The What, Why, When guide to buying an electric vehicle in Australia

UPDATED: Affordable, 300km plus range EVs (Electric Vehicles) are about to hit Australian showrooms (See table 1). But is there an EV available now or coming soon that will meet your needs? And would changing to an EV actually benefit you and/or the environment?

Why buy an EV?
So yes, we do now have some EV choice in Australia – but why buy an EV at all given they are still more expensive than an equivalent petrol or diesel car?
Well, there are lots of reasons!
First of all they are cheaper to own and run. EV service costs are reduced as they don’t need engine oil, spark plug, filter and timing belt changes like an internal combustion engine (ICE) car.
EVs also have reduced brake wear as a lot of the vehicle’s braking effort is returned to the battery instead of heating (and wearing out) brake parts. Servicing an EV merely involves regular checks of the vehicle and its safety systems with very little needed in the way of ‘consumables’.
In addition, the fuel costs are considerably less – the following example demonstrates this:
Assuming you drive a Renault Zoe EV (quoted as using 133Wh/km) for 10,000km/yr and charge it at night on an off-peak electricity tariff of 19c/kWh:
EV: at 133Wh/km & 19c/kW = $253
ICE: at 8L/100km & 1.50/L (premium fuel) = $1200
Fuel saving: $1200 – $253 = $947
PLUS: Service savings: estimate $250/yr
Total saving (approx.): $1200/yr

Secondly, you get the following environmental benefits over ICE vehicles (and especially diesel ICEs). These include:

  • No air pollution from the tailpipe;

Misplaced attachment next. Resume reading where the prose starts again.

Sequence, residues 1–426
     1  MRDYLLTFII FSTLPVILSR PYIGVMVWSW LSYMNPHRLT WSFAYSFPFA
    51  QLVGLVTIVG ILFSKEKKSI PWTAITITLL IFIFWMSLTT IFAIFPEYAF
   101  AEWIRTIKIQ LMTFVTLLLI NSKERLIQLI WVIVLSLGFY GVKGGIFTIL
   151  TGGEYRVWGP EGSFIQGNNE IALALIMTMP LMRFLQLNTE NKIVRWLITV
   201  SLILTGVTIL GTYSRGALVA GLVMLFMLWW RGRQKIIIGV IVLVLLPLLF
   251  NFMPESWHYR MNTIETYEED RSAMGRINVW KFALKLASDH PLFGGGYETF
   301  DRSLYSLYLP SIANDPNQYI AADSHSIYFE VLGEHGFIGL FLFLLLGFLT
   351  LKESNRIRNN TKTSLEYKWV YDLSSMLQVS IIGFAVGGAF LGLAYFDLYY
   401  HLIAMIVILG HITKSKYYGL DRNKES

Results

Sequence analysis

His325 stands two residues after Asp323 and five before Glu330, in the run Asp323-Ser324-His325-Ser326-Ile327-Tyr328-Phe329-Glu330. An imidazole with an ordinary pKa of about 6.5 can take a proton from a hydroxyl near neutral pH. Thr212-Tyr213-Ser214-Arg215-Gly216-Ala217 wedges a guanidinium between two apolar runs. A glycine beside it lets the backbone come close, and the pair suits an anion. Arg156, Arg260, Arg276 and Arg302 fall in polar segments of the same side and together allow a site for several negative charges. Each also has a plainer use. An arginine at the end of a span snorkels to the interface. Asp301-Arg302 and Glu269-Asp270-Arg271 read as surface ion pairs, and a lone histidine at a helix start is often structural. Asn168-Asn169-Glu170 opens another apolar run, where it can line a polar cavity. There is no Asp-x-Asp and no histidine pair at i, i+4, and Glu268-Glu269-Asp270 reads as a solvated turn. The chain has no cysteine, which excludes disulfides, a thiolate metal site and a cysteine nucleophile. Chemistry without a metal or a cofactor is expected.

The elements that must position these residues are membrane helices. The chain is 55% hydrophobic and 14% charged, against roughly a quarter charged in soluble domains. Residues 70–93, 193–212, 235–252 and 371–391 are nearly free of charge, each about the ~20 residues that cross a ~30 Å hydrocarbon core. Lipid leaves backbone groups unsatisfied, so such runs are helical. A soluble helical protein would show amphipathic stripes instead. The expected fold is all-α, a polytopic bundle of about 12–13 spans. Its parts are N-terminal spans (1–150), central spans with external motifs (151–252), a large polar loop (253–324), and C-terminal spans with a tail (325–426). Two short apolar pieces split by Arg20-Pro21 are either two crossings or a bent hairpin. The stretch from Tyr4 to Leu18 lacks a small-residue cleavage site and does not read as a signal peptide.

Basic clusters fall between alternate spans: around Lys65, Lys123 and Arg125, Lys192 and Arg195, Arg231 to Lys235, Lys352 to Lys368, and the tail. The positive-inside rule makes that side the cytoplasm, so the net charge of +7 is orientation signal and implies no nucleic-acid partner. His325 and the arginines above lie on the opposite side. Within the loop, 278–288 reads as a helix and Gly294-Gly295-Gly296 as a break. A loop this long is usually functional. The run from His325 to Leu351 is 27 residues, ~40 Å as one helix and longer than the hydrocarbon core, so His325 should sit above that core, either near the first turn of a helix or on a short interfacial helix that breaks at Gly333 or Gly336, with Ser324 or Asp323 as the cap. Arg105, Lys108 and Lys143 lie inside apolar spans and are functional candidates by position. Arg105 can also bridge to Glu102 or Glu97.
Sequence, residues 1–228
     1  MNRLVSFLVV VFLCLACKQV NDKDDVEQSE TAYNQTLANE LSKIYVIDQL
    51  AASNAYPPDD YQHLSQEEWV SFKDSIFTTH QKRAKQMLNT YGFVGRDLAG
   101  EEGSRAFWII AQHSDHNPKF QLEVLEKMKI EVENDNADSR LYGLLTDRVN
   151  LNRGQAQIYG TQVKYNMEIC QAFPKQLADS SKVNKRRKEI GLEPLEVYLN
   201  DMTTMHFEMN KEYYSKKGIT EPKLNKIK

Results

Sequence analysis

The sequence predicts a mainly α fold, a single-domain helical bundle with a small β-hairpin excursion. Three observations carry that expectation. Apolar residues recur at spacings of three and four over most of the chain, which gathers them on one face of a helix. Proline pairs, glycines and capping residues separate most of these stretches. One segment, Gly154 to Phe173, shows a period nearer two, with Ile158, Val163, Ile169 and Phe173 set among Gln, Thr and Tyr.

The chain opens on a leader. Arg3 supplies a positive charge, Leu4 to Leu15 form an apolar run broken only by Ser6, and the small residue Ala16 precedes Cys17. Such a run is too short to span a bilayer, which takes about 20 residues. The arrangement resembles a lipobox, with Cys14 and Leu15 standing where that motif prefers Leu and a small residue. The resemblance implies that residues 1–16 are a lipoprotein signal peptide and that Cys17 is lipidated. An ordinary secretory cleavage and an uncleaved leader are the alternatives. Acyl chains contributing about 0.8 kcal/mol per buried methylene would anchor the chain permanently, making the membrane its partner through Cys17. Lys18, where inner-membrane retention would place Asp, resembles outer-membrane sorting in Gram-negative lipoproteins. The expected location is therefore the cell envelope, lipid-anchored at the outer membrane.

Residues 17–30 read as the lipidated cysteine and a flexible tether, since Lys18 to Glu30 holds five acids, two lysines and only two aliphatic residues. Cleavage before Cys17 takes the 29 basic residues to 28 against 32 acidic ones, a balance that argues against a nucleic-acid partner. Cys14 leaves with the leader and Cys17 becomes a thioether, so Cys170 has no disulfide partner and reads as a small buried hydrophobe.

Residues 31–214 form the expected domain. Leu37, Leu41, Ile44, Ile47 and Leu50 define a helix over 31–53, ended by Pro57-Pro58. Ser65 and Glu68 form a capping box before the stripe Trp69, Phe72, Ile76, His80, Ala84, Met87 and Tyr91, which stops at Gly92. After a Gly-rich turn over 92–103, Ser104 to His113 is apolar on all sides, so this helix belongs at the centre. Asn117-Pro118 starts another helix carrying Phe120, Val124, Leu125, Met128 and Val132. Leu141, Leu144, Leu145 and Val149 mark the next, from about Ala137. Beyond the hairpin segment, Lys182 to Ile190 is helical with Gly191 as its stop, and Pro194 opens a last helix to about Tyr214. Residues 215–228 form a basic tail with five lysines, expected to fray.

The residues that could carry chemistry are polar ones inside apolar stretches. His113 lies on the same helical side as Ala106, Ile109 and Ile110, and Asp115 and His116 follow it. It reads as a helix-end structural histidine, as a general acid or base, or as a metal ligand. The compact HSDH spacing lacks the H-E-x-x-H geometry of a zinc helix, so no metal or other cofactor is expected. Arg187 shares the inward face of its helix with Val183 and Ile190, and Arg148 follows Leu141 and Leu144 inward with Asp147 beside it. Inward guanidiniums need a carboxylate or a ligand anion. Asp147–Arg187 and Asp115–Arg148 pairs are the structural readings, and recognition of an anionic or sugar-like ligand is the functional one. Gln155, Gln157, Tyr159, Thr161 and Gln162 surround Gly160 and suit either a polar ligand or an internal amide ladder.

• Reduced overall CO2-e. (Using the Carbon Accounting methodology and data as published by the Federal Government’s Department of the Environment and Energy. See graph 1);
  • No longer being tied to using fossil fuels, so you can go further in replacing coal and gas fired generation with your own solar or subscribing to the greener wind, solar and hydro offered by the utilities;
  • Reduction in waste such as coolants, oils, brake pads, spark plugs, air filters and the like.

When should you consider changing to an EV?
EVs do not yet cover all the range of size, cargo and towing options available as ICEs. However the choice is growing – so looking at the available and soon to come EVs in table 1, Table 2 below summarises when might be the time for you to change to an EV, based on a selection of distance, route and cargo/towing options:

Notes to table 2: 1: Can make these ranges if topping up during day or use DC fast-charge option (or 3 phase AC charge for Zoe) 2: No DC fast-charge (or 3 phase AC charge) for pre-2018 BMW i3. 2018 i3 has both. 3: Kangoo ZE has neither fast-charge DC nor 3 phase AC options

 
Bryce Gaton is the National Newsletter Editor for the Australian Electric Vehicle Association (AEVA) and is a qualified secondary science educator as well as a Registered Electrical Contractor and electrical trade teacher. He has been working in the EV sector for 10 years, and currently works part-time for the Melbourne School of Engineering as their EV safe work practice trainer/supervisor. He regularly writes on EV topics for and on behalf of both the AEVA and ATA. Bryce also owns and drives two EVs – a Nissan Leaf for commuting and a converted Citroen van for work.

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